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Seattle City Council: Amazon tax alternative, biased loitering laws, and a capital gains tax proposal

Catching up on a few things at City Hall not directly related to the Capitol Hill protest zone, here are a few recent updates from the Seattle City Council:

  • Loitering laws: The council Monday voted to repeal two loitering laws advocates say have been used by police to target Black and Indigenous people and other people of color and vulnerable populations like sex workers. “I’ve committed to preventing disproportionate impacts on communities of color by police interactions and this is just one fix to our city laws,” said council member Alex Pedersen, one of three on the council bringing the bills forward for Monday’s unanimous votes. Seattle Police leeway to arrest people Seattle Reentry Workgroup formed “
  • Amazon tax alternative: The Seattle City Council is putting its weight behind Teresa Mosqueda’s plan for a tax on big businesses to raise $200 million a year to help Seattle overcome its forecasted budget shortfalls due to COVID-19 and to fund affordable housing, equitable development, and economic support for small businesses. The proposal pushes aside the Sawant-Morales plan for a larger $500 million a year tax. Seattle City Council Insight reports the body is backing the Mosqueda plan and pushing changes including a change making a sunset clause in the proposal conditional on “the county or state passing a progressive revenue package of its own” and boosting how much revenue the tax will generate. The bills to enable the plan will be taken up for the first time Wednesday morning in the council’s budget committee.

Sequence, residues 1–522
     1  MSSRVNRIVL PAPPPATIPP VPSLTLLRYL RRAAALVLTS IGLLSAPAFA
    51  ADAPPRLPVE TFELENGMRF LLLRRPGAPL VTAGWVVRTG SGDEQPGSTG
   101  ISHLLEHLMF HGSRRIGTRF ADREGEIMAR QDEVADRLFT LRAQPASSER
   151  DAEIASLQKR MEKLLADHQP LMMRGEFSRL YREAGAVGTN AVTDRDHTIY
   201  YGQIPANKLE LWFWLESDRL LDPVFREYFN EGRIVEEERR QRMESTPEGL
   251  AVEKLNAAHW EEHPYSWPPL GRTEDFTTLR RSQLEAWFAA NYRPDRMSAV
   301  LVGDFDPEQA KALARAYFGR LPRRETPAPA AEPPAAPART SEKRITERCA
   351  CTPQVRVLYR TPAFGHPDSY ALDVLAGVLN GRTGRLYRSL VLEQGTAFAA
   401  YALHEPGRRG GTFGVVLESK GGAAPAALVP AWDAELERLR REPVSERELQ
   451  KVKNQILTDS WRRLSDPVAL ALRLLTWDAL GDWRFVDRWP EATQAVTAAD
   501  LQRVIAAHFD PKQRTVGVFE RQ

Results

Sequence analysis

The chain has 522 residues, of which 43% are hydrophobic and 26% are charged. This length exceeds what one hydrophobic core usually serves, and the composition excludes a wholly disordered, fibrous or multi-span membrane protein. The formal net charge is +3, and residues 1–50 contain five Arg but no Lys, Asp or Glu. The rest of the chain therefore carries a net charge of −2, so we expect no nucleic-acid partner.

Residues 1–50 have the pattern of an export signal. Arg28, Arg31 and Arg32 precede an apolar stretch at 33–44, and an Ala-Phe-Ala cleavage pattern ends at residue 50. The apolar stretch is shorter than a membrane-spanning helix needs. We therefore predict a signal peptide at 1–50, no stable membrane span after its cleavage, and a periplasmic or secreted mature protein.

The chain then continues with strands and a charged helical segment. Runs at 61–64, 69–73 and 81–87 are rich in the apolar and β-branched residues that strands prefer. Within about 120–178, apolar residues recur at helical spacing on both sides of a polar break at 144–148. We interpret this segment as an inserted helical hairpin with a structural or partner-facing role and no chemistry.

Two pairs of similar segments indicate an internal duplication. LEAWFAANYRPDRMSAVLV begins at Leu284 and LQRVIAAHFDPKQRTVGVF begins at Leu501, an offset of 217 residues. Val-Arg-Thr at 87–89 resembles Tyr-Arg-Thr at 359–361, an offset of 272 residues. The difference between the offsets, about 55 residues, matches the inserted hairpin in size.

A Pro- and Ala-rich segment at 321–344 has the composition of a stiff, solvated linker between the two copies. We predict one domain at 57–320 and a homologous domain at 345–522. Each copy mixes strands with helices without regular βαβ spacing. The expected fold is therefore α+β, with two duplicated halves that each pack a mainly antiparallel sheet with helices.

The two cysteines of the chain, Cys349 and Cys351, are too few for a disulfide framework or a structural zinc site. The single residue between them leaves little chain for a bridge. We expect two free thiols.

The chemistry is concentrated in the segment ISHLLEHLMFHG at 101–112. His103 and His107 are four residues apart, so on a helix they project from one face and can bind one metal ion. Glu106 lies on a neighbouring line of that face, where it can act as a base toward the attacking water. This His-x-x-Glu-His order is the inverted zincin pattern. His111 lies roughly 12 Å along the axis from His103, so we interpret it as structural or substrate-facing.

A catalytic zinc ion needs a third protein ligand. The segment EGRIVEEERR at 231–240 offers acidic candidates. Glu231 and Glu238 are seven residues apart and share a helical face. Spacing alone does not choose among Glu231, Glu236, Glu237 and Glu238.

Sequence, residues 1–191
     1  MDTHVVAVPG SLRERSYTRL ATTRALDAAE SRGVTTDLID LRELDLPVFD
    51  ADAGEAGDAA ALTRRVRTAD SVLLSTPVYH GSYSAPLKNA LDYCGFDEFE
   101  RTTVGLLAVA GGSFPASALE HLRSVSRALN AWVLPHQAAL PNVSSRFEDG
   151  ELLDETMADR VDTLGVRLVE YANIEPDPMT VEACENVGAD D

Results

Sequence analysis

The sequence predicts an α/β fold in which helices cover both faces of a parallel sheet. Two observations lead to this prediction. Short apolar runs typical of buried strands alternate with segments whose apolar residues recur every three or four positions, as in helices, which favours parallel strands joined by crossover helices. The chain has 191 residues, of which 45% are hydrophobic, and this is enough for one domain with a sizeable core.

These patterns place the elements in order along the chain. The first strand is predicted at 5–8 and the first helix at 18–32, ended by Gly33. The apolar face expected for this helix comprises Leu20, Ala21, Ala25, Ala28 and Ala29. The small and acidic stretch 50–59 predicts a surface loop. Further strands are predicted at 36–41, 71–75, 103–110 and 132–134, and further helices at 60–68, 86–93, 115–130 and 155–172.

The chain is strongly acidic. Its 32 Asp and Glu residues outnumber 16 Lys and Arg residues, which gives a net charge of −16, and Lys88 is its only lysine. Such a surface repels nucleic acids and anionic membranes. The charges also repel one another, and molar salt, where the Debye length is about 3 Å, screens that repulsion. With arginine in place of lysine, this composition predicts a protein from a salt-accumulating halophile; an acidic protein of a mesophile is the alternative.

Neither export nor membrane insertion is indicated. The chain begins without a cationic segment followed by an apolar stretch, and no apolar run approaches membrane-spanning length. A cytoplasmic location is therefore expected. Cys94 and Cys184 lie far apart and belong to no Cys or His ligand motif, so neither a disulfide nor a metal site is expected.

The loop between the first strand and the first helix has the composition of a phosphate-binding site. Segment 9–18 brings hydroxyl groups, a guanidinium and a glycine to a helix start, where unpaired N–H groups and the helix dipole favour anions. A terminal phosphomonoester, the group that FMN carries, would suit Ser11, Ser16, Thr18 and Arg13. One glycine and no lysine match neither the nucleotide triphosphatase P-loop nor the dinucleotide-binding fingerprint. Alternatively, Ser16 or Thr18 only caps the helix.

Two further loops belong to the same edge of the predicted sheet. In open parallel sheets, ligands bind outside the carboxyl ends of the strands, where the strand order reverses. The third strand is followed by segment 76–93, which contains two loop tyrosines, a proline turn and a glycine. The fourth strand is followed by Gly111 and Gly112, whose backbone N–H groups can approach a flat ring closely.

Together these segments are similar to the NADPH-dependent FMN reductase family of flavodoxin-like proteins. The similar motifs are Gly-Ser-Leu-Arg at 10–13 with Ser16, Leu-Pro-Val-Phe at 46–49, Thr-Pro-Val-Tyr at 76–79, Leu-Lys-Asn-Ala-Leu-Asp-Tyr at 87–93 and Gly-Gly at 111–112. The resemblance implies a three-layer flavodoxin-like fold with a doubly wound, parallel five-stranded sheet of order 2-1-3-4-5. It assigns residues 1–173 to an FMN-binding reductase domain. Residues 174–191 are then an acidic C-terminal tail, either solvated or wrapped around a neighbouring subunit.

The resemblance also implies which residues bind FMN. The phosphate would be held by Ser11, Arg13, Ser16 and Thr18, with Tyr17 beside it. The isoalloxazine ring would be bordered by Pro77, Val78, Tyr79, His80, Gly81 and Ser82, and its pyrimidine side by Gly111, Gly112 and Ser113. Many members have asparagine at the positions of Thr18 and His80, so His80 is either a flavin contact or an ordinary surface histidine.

• A Seattle capital gains tax: Council member Andrew Lewis is preparing a legislative proposal that could create a “1% capital gains tax on stocks and bonds when sold for profit.” City Hall estimates the tax would raise roughly $37 million a year to “create resources to build affordable and permanent supportive housing, and fund additional homeless services.” “We know the solution to meet the scale of our homelessness and affordable housing crisis – it’s providing more housing. Specifically, we need to invest in permanent supportive housing with wraparound services, so our homeless neighbors can stabilize, create community, and ultimately heal,” Lewis said in his announcement of the proposal. Lewis says most Seattleites wouldn’t have to pay the tax:

    The capital gains tax will not apply to retirement accounts, home or commercial real estate sales, or investments that lose money. It is estimated 70 percent of Seattlites (sic) wouldn’t pay the tax. According to Brookings, Sixty-nine percent of all capital gains go to the top 1 percent of richest Americans .

    But he’ll be one of them who does. “I will pay this tax,” Lewis says “And I will be happy to do it. If I’m fortunate enough to make $500 on the stock market this year, the least I can do is give $5 to the City to house and support people. I wish it could be more.”


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7 thoughts on “Seattle City Council: Amazon tax alternative, biased loitering laws, and a capital gains tax proposal